Jared wasn’t tall. He was just shorter than I was and thin. At least he appeared thin due to his clothes being a bit too baggy on him. He was dressed in khaki slacks and a non-descript button down shirt. He wore wire-rimmed glasses. His hair was curly and sparser around the temples. His face was smiling and kind. He held a clipboard in one hand and extended the other toward me. I took it and we shook hands. Just like his manner and voice, his skin was also soft. I was a bit nervous, but comforted by his calming presence. I wouldn’t have thought the man who was to help me slay my demons would be so seemingly gentle.
“It’s nice to meet you,” he said.
“It’s very nice to meet you as well,” I replied. It was a genuine statement. It was nice to meet the man who was to help me get well.
“So, I will be your BT,” said Jared, “and I have read your chart and everything, so I’m familiar with your OCD and why you’re here, but I still would like to hear some background on it from you if that’s ok?” he completed his sentences with a smile.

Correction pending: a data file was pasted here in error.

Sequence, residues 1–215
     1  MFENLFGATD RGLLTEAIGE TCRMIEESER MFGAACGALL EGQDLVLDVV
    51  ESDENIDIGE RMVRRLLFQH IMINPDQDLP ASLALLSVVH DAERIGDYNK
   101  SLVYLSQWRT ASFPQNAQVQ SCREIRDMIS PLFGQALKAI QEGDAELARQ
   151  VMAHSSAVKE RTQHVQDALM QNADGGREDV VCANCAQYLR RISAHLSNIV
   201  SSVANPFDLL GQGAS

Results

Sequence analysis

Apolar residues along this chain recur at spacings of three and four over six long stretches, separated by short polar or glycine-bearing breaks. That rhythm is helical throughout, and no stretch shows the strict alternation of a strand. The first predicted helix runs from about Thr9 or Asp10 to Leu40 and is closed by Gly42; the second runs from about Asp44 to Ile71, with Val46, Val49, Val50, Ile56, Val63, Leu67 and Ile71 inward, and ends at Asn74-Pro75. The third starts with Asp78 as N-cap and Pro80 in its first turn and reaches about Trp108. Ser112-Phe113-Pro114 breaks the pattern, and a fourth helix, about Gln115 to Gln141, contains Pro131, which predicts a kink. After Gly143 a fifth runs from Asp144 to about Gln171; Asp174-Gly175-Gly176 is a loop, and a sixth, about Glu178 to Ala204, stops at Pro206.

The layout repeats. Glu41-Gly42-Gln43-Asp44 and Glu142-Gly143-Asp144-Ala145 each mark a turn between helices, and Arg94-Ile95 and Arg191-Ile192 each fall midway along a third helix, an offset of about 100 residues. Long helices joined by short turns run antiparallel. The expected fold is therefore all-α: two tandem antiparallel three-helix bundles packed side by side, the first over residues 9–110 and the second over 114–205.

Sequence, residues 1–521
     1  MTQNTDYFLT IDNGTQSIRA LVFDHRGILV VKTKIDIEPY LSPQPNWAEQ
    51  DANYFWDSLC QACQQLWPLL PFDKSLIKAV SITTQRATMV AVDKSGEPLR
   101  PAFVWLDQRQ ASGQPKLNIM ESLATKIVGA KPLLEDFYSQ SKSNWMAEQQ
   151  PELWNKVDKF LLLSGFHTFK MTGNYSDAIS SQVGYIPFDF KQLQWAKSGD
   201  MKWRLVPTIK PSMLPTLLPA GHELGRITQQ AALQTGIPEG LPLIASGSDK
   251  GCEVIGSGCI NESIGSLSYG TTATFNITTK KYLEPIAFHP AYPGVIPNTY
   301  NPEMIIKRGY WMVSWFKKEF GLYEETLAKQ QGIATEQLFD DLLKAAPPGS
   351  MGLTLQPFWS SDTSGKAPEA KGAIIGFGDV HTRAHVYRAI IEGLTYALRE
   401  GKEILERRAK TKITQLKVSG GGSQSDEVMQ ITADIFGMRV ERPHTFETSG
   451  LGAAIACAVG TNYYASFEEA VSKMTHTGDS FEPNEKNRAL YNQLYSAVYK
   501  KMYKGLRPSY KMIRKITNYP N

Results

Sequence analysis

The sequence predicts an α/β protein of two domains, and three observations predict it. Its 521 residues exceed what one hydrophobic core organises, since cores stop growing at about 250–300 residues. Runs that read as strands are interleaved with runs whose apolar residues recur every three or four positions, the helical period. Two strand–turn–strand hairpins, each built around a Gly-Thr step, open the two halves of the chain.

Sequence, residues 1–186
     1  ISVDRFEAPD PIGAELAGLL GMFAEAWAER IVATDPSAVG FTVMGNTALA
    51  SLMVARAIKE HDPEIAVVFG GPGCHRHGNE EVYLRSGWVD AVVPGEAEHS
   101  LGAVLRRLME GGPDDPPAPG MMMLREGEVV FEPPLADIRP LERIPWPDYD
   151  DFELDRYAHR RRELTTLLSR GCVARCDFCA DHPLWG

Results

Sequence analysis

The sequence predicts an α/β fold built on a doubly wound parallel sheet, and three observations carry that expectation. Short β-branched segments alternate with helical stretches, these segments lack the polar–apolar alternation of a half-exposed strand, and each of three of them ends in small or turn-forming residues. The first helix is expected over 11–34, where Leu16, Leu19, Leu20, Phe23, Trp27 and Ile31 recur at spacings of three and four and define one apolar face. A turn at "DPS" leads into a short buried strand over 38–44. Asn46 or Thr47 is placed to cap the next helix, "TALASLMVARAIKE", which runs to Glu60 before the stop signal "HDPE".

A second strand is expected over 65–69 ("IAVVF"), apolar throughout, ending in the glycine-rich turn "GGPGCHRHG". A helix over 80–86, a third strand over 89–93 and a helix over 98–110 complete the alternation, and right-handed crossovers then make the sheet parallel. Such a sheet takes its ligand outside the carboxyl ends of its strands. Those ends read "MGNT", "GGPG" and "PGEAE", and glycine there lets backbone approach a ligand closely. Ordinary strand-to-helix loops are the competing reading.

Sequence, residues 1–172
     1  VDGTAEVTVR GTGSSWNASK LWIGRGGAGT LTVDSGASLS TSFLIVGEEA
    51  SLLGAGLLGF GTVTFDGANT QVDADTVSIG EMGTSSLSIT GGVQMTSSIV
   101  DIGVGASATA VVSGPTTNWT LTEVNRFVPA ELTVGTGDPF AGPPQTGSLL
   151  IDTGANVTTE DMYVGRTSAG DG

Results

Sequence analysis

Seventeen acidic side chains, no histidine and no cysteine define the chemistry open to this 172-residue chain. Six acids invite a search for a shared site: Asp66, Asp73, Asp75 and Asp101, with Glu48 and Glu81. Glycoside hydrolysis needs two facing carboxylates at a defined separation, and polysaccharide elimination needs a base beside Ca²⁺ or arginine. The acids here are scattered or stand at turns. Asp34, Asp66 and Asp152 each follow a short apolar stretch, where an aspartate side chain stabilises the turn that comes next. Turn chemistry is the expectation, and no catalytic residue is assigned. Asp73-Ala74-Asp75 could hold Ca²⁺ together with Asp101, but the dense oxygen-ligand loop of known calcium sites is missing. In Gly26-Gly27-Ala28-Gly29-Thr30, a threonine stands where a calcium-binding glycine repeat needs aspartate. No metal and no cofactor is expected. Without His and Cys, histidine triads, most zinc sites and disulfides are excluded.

“Sure,” I said. “Well where should I start?”
“Can we sit on your bed while we talk?” he asked.
My first test.
“Yeah. Sure,” I replied trying to be as nonchalant as possible. He sat down on the bed immediately. His rear was way to close to my pillow. I didn’t know what else he had sat on while wearing those pants, but felt like all those other surfaces, whatever they may have been, were now cross-contaminating my pillow.
I looked at my bed and the spot I was about to sit on. It was a hesitation that would have been imperceptible to anyone except a specialist with a very trained eye. Jared was such a specialist and he smiled knowingly at me after I sat.
“Did you just pause before sitting?” he asked rhetorically.
I smiled and said, “Yeah.”